print(f'{self.name} is barking...')

class Cat(Pet):
    def meouw(self):
        print(f'{self.name} is meouwing...')

D = Dog('Rex')
C = Cat('Felix')

D.bark()
C.meouw()
Rex is barking...
Felix is meouwing...

Inheriting from multiple classes

A subclass can inherit from more than one parent class:

class Fish:
    name = 'fish'
    def swim(self):
        print(f'{self.name} is swimming…')

class Woman:
    name = 'woman'
    def sing(self):
        print(f'{self.name} is singing…')

class Mermaid(Fish, Woman):
    name = 'mermaid'

F = Fish()
F.swim()

W = Woman()
W.sing()

M = Mermaid()
M.swim()
M.sing()
fish is swimming…
woman is singing…
mermaid is swimming…
mermaid is singing…

Multiple inheritance levels

Multiple levels of inheritance are possible: derived classes can be used as base class for new subclasses, which can be used as base class for new subclasses, and so on.

class Parent:
    pass

class Child(Parent):
    pass

class GrandChild(Child):
    pass

class GrandGrandChild(GrandChild):
    pass

Too many inheritance levels can make your code very hard to debug. See object composition for an alternative approach to coupling between classes.

Overriding parent class attributes

Attributes and methods of a parent class can be overidden in child classes:

class Parent:
    hair = 'brown'
    eyes = 'green'

class Child(Parent):
    eyes = 'brown'

class GrandChild(Child):
    hair = 'blond'

parent = Parent()
child = Child()
grandchild = GrandChild()

print(f'parent: {parent.eyes} eyes, {parent.hair} hair')
print(f'child: {child.eyes} eyes, {child.hair} hair')
print(f'grandchild: {grandchild.eyes} eyes, {grandchild.hair} hair')
parent: green eyes, brown hair
child: brown eyes, brown hair
grandchild: brown eyes, blond hair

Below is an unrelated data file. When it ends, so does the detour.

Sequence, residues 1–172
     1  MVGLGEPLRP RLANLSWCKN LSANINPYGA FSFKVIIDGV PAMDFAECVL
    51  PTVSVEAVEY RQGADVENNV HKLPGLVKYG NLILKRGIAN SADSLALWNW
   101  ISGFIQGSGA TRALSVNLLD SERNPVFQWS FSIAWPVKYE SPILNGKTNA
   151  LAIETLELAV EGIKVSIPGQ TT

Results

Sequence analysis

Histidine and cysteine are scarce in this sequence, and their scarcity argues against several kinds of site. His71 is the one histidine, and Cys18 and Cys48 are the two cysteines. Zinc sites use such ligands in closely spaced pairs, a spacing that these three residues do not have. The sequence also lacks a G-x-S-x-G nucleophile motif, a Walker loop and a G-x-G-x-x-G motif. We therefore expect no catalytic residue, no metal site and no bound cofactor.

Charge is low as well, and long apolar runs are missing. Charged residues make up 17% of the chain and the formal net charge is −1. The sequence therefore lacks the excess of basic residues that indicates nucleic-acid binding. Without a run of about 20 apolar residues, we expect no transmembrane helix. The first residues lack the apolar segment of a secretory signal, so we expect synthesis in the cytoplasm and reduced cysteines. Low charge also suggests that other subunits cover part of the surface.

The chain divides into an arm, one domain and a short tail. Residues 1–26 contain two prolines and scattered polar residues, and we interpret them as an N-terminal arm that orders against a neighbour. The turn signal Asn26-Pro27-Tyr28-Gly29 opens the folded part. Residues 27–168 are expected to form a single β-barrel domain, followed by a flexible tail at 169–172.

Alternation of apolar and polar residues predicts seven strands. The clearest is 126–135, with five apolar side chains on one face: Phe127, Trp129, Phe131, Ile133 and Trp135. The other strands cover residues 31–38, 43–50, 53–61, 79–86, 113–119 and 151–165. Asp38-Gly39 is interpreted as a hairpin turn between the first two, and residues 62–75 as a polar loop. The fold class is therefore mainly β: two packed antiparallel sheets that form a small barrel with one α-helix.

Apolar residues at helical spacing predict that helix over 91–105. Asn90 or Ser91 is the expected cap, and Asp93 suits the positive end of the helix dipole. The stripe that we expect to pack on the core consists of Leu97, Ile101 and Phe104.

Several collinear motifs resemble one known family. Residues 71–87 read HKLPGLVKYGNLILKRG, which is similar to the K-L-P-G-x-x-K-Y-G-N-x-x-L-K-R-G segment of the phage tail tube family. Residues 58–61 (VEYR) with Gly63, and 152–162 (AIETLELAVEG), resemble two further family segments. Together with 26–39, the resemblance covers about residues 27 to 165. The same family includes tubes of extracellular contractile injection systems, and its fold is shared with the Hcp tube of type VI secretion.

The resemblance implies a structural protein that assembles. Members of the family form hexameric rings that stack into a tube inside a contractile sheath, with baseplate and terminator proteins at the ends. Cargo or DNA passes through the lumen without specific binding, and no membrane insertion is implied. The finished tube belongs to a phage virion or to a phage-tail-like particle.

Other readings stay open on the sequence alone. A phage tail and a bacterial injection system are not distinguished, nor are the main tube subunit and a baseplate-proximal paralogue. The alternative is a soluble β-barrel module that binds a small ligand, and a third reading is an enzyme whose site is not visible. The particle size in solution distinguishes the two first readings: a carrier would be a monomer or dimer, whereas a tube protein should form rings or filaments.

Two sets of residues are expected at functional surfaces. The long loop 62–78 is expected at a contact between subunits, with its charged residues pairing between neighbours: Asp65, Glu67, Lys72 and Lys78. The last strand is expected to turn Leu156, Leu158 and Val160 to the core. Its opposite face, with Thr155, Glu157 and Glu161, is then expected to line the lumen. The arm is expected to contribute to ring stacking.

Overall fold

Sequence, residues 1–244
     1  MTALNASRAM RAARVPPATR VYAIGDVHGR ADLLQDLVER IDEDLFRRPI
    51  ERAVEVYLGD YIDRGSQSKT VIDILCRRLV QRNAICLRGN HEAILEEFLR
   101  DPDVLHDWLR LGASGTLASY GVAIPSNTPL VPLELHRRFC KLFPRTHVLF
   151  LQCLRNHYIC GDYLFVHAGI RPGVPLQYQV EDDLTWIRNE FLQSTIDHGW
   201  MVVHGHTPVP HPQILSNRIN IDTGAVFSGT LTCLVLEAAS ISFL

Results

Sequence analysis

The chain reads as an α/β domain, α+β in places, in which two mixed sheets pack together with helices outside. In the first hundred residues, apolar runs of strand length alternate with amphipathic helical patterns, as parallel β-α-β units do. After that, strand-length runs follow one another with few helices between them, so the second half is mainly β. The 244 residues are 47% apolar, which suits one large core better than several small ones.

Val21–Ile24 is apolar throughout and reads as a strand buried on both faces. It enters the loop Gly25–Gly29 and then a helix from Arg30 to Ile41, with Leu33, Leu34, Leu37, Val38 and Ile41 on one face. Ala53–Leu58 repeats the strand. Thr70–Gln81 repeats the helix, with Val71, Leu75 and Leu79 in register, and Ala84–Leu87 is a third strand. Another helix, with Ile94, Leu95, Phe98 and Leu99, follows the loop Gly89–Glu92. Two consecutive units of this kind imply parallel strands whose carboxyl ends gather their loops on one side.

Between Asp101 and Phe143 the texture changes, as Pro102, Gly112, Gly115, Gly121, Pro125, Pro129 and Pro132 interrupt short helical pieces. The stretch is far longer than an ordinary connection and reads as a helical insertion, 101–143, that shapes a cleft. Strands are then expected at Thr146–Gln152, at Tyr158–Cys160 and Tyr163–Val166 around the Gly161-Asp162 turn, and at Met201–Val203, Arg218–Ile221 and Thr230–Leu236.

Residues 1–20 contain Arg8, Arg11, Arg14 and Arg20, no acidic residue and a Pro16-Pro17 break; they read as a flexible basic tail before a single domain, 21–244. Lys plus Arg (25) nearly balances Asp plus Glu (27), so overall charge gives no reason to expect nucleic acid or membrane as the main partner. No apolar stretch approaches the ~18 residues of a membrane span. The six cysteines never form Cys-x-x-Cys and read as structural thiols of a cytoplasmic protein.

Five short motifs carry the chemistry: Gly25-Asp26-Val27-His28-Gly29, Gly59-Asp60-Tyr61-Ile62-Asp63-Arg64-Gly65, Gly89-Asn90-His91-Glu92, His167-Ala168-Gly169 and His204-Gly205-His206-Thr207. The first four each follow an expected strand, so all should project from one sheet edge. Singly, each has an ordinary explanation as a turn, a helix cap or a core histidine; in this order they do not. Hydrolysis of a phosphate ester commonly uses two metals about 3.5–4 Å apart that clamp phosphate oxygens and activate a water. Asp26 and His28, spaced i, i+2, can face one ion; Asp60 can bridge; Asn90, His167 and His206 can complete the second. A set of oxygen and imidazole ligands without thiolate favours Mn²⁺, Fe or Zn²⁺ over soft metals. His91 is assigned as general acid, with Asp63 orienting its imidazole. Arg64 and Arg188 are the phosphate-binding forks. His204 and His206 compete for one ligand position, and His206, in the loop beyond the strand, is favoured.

Checking instance type and parent class

Python has two built-in functions which are useful when working with classes: isinstance() and issubclass().

Use isinstance() to check if an object is an instance of a given class. The result will be True for any direct or indirect parent class.

print(isinstance(child, Child))
print(isinstance(child, Parent))
print(isinstance(child, GrandChild))
True
True
False

Use issubclass() to check if a class is a subclass of another class:

print(issubclass(Child, Parent))
print(issubclass(GrandChild, Child))
print(issubclass(Child, GrandChild))
True
True
False

Object composition

While inheritance provides a class with all properties of another class, as if they were their own, composition provides a class with a reference to another class or object which has some needed properties.

inheritance

Object of class B becomes an object of class A:

class A:
    def hello(self):
        print('hello!')

class B(A):
    pass

obj = B()
obj.hello()
hello!
composition

Object of class B has an object of class A:

class A:
    def hello(self):
        print('hello!')

class B:
    objA = A()
    def hello(self):
        self.objA.hello()

obj = B()
obj.hello()
hello!

Composition provides a looser approach to coupling between objects than inheritance. It allows a class to reuse the functionality of another class without copying its internal structure.

Polymorphism

Polymorphism is a technique in which the same method does different things in different objects.

In Python, polymorphism is usually implemented using an abstract base class, which contains only the definition of structure in the form of empty functions. Concrete classes are created by subclassing the abstract class and overriding its methods.

In the following example, both Dog and Duck have a .talk() method, but each implementation produces a different output:

class Animal:
    def talk(self):
        raise NotImplementedError("Subclass must implement abstract method.")

class Dog(Animal):
    def talk(self):
        print(f'woof woof')

class Duck(Animal):
    def talk(self):
        print(f'quack quack')

dog = Dog()
duck = Duck()

dog.talk()
duck.talk()
woof woof
quack quack

Duck typing

“If it looks like a duck and quacks like a duck, then it must be a duck.”

Duck typing is when we use the presence of an attribute or method to determine if an object can be used for a particular purpose, independent of its type.

normal typing
object suitability is determined by the object’s type
duck typing
object suitability is determined by the presence of certain methods or attributes

In the example below, it does not matter if the object is a Duck or an Airplane, as long as it has a .fly() method:

class Duck:
    def fly(self):
        print("duck flying…")

class Airplane:
    def fly(self):
        print("airplane flying…")

class Whale:
    def swim(self):
        print("whale swimming…")

for animal in Duck(), Airplane(), Whale():
    animal.fly()
Duck flying…
Airplane flying…
AttributeError: 'Whale' object has no attribute 'fly'

No dogs, cats, mermaids, children or ducks were harmed in the making of this page.

Last edited on 29/07/2019